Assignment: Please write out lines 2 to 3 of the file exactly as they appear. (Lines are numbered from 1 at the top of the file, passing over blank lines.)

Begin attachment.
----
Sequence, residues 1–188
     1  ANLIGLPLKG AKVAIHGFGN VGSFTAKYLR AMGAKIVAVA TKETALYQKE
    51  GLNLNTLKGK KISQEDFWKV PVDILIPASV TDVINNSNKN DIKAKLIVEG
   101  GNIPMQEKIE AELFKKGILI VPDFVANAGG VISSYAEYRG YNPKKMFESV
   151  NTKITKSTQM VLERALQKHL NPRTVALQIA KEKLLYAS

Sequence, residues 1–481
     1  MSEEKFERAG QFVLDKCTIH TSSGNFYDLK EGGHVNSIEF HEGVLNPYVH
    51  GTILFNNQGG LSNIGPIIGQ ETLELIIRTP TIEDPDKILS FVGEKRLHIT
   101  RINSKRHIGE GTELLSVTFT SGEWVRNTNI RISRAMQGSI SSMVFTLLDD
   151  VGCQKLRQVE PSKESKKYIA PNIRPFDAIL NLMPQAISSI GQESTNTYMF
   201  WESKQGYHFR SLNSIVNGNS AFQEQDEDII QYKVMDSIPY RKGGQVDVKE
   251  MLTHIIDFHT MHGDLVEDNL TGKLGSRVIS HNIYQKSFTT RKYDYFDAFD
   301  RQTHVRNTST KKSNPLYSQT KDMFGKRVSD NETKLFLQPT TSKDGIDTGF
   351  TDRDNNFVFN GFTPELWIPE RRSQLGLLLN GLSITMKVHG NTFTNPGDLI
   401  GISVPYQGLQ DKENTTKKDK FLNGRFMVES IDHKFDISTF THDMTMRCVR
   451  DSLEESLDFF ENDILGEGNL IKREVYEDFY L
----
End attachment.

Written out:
     1  ANLIGLPLKG AKVAIHGFGN VGSFTAKYLR AMGAKIVAVA TKETALYQKE
    51  GLNLNTLKGK KISQEDFWKV PVDILIPASV TDVINNSNKN DIKAKLIVEG